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Fed representative talks to Rotarians

The Rotary Club of Lincolnton welcomed a special guest at Monday’s meeting. Ron Barnes of the Federal Reserve Bank of Richmond was present to discuss the various functions of the Federal Reserve System, a topic of particular interest during the current economic climate.

Prior to beginning his presentation, Barnes stressed that he is “not an economist” and would, therefore, not be making any predictions regarding the future state of the economy.

Instead, he provided background information on how the Fed came to be and what its functions are in the nation’s ever-changing financial landscape.

He made sure to point out that the Fed was designed to have autonomy from the political structure and was not to succumb to political pressures.

He discussed its responsibility to provide banking services to both its depository institutions and to the federal government, for which it also acts as a fiscal agent.

Barnes also laid out the Fed’s role in setting the nation’s monetary policy through goals of maximum employment, price stability and moderate, long-term interest rates.

During a time for questions following the conclusion of his speech, Barnes was asked about the necessity of the Fed, in reference to Texas Governor Rick Perry’s recent remarks about the institution while campaigning for the Republican presidential nomination.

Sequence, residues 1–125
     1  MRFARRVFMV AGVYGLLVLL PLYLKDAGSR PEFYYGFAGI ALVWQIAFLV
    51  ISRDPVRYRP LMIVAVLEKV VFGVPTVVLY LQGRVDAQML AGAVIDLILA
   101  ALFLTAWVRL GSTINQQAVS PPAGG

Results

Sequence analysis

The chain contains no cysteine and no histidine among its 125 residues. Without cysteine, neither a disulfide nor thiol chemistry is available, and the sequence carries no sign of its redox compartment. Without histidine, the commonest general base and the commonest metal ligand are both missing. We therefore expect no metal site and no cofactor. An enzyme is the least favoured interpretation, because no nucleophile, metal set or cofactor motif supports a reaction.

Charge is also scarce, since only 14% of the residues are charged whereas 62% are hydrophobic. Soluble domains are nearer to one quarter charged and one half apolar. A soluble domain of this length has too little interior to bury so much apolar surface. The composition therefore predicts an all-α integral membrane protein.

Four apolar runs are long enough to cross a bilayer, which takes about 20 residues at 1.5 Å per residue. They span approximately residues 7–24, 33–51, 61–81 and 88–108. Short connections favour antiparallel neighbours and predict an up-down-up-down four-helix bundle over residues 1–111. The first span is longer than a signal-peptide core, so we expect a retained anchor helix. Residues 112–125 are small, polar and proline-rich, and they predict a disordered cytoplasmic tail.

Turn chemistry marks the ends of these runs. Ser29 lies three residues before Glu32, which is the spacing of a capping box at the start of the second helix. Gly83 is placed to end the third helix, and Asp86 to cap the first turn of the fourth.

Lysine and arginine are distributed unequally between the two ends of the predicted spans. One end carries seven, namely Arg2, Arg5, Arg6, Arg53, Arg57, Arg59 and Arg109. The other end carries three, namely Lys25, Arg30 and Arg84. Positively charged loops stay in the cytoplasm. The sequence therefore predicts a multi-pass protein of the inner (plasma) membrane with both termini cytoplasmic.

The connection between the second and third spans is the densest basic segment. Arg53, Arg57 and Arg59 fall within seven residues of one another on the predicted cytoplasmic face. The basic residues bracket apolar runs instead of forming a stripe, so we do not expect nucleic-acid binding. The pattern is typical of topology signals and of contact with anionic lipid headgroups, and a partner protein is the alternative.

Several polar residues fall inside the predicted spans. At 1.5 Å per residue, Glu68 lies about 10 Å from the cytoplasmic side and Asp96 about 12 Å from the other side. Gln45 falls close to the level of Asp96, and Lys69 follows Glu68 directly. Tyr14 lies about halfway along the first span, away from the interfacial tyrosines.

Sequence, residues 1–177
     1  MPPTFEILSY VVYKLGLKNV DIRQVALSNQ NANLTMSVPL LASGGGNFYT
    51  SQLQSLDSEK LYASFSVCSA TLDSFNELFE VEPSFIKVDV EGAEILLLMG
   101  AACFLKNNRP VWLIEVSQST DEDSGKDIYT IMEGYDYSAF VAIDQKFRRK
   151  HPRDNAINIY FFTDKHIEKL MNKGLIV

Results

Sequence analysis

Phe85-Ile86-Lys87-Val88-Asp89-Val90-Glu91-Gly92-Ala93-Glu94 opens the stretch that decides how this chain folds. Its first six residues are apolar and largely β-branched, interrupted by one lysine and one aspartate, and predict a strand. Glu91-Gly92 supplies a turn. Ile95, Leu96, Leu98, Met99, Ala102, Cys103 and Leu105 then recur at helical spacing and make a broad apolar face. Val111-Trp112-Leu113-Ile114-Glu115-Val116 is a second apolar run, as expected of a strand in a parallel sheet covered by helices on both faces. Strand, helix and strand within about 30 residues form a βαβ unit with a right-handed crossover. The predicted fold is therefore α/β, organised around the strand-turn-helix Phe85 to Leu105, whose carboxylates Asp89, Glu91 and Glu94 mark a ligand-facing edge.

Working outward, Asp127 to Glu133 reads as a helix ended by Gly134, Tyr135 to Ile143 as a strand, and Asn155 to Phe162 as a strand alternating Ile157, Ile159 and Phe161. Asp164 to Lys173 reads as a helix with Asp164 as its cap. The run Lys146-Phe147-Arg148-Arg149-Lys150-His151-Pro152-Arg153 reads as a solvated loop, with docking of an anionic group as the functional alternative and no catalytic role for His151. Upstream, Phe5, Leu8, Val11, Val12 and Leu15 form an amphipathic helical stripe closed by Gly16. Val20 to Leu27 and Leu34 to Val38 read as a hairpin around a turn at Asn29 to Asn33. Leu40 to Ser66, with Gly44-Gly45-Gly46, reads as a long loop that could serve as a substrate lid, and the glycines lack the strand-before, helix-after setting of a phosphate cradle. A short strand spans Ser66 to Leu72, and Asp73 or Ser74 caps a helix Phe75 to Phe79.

Barnes said it became apparent to people long ago that “someone needed to be monitoring and making sure we have good monetary policy.”

In response to a question about credit becoming more unattainable, he said that he thinks everyone is “a little less credit-worthy than we were five years ago.”

Barnes was also asked about the book “The Creature from Jekyll Island: A Second Look at the Federal Reserve” by G. Edward Griffin and responded that there were “a lot of myths about the Federal Reserve” — many of which he has found to be unsubstantiated.

He ended by saying that Fed employees are just like everybody and want the best for the country.

Barnes, who grew up in Rockingham and graduated from the University of North Carolina at Chapel Hill before getting his master’s in business at UNC-Charlotte, has spent 16 years with the Fed.

For almost 12 of those years, he has been serving as the senior manager of reserve accounts at the Federal Reserve Bank of Richmond, which has branches in Richmond, Va., Baltimore, Md., and Charlotte, where he is based.

Staff Writer

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